Why cash flow forecasting is crucial for your business
As identified in Wow’s recent recession-proof survey, a surprisingly high number of businesses are not prepared for another recession. But what really rings alarm bells is the lack of insight the respondents have into their cash flow.
15% of businesses responded that they have less than one month of cash overheads in their bank at any one time, and 11% of businesses have no visibility at all into how much cash they have. More worryingly, 15% of business owners are living on the edge of delving into their personal finances to stay afloat.
The first step towards resolving these issues and investing in good governance is maintaining a cash flow forecast. This used to be an extremely time consuming and manual task, but now with cloud-based tools such as Float that can pull data directly from Xero, it is incredibly easy to do.
So why is cash flow forecasting so important?
How forecasting your cash flow can help your business
It is part of the infrastructure you need to grow
Whether or not you are worried about cash, setting up and maintaining a cash flow forecast should be a cornerstone of your reporting package. It’s part of the infrastructure your business must have in place to grow sustainably.
Before you rush into buying more office space or making a new hire, you should always run a scenario to model how that action would impact your cash. Understanding whether or not plans are feasible in cold hard cash, rather than sometimes unrealistic profit and loss, is crucial to minimising risk.
Identify cash gaps and surpluses before they happen
Forecasting your future bank balance helps you see well in advance when you may have a cash shortage that could spell disaster for your business. It can also give you enough time to take action to avert a crisis, enabling you to access better loan rates or tighten up payment terms to bridge the gap. As the saying goes, forewarned is forearmed.
On the reverse side, if you are forecasting to have a large lump of cash sitting in your bank account in three months, knowing this ahead of time will allow you to explore options to reinvest it in your business to drive growth.
Gaining trust from stakeholders
Investors and financing providers are not as bogged down as business owners with day to day firefighting, which means that they tend to think in terms of the big picture. They want the leaders of the businesses they invest in to do the same, to ensure they maintain a clear idea of the future. Providing stakeholders with a regular cash flow forecast including best, average, and worst case scenarios will demonstrate a level of awareness that instills confidence and trust and will make it easier to raise more investment.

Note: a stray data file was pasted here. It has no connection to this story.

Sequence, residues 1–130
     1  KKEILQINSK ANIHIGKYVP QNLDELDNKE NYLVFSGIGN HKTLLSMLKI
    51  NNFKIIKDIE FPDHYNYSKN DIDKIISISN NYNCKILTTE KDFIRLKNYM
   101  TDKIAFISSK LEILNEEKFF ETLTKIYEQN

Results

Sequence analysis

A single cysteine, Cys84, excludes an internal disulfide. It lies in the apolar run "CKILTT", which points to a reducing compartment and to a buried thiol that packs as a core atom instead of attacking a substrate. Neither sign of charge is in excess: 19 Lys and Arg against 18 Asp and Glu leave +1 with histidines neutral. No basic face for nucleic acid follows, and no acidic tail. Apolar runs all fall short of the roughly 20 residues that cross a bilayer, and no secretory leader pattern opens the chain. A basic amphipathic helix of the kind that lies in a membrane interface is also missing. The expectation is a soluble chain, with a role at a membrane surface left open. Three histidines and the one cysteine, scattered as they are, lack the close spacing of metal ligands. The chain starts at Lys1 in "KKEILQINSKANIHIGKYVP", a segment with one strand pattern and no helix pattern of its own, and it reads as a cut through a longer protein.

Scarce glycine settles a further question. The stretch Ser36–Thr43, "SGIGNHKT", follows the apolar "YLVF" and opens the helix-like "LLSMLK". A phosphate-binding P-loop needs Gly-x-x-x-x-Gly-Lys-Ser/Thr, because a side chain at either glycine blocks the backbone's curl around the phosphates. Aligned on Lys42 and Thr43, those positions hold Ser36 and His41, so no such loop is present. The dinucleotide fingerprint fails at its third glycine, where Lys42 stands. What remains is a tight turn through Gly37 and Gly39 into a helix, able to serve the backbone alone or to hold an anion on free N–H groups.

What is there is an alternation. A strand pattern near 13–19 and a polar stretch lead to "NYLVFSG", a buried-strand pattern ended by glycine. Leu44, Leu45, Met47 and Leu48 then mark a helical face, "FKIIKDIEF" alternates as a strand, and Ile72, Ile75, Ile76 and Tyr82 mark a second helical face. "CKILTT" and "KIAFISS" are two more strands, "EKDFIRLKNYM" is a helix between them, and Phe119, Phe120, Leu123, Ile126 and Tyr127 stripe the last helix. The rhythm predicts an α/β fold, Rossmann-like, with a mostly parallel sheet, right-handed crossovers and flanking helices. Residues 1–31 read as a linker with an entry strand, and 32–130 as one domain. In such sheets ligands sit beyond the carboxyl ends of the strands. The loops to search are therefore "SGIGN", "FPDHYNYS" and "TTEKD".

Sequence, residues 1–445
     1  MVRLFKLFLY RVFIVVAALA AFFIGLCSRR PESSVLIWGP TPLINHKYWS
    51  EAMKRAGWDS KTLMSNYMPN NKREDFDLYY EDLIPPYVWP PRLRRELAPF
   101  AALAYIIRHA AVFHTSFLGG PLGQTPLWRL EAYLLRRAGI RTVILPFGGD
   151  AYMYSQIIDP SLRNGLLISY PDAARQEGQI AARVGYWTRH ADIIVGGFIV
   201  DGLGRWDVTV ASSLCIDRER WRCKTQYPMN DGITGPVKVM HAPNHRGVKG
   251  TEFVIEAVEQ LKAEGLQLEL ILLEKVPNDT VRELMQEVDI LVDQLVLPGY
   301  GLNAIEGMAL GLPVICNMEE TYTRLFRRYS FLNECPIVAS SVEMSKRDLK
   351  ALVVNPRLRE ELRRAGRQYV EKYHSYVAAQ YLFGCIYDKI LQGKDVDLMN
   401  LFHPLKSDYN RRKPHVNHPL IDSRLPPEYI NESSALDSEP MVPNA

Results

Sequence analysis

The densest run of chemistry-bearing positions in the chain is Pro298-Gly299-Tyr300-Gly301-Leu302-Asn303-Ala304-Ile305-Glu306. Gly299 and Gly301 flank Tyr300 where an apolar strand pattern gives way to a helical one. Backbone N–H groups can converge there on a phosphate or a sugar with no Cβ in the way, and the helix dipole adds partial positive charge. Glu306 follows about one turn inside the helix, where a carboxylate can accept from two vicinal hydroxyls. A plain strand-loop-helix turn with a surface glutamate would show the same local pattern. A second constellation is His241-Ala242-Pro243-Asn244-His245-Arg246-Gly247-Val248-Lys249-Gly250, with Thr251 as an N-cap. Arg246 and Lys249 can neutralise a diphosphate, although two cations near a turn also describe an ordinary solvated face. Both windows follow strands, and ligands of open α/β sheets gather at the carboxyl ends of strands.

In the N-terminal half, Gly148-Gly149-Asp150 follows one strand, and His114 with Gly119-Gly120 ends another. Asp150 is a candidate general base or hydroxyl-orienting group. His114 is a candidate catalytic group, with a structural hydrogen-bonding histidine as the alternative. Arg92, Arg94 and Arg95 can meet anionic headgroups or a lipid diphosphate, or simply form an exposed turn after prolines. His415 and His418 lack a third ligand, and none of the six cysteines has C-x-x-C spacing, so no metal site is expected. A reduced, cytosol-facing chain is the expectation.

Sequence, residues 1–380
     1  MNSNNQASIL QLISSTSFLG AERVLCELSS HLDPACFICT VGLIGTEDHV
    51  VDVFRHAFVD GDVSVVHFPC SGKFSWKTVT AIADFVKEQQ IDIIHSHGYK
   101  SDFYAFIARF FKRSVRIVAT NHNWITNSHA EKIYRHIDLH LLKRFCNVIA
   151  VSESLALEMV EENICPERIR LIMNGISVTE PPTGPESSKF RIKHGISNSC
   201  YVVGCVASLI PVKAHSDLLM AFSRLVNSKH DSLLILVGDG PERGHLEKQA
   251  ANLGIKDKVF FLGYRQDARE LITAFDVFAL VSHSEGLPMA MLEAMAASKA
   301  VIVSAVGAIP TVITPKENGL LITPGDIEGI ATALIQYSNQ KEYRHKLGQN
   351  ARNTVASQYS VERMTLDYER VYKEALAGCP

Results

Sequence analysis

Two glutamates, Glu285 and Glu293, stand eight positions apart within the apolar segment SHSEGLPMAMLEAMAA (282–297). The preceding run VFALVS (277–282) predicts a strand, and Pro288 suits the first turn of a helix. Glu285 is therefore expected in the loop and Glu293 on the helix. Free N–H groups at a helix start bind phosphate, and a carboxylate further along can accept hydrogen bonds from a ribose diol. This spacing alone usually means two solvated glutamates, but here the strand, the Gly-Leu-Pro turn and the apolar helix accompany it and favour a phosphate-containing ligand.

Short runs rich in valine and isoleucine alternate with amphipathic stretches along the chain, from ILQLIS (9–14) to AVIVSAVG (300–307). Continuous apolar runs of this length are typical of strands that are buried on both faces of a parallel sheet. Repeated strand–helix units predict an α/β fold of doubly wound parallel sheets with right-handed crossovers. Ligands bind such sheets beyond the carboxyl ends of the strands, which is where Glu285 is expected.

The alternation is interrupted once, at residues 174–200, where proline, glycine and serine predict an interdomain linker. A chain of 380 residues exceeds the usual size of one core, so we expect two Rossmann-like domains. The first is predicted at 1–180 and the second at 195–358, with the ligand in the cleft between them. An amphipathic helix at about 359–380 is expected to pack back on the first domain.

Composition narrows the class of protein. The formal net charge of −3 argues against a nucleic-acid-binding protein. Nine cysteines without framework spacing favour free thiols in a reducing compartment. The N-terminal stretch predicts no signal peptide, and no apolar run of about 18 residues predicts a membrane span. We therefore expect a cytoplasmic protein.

Get on top of accounts receivable
By creating a cash flow forecast that takes invoices and bills into account, you’ll be more easily able to pinpoint who is consistently paying late and use this information to enhance your credit control process. You could even go on to model different payment dates on overdue invoices to see the true effect of late payments on your cash flow.
Track your spending and staying within budget
Being able to scrawl a vague idea of cash in and out on the back of a napkin is all well and good, but do you know every time you’re in danger of dipping into the red from one late payment? Are your guesses always right?
Looking at a profit and loss or a balance sheet will give you a snapshot of what is happening right now, but it won’t show the future in terms of the cash you will actually have. In other words, it just isn’t ‘real.’ With a cash flow forecast that has been updated with actuals, you can compare your best guess to what really happened, which can be invaluable information.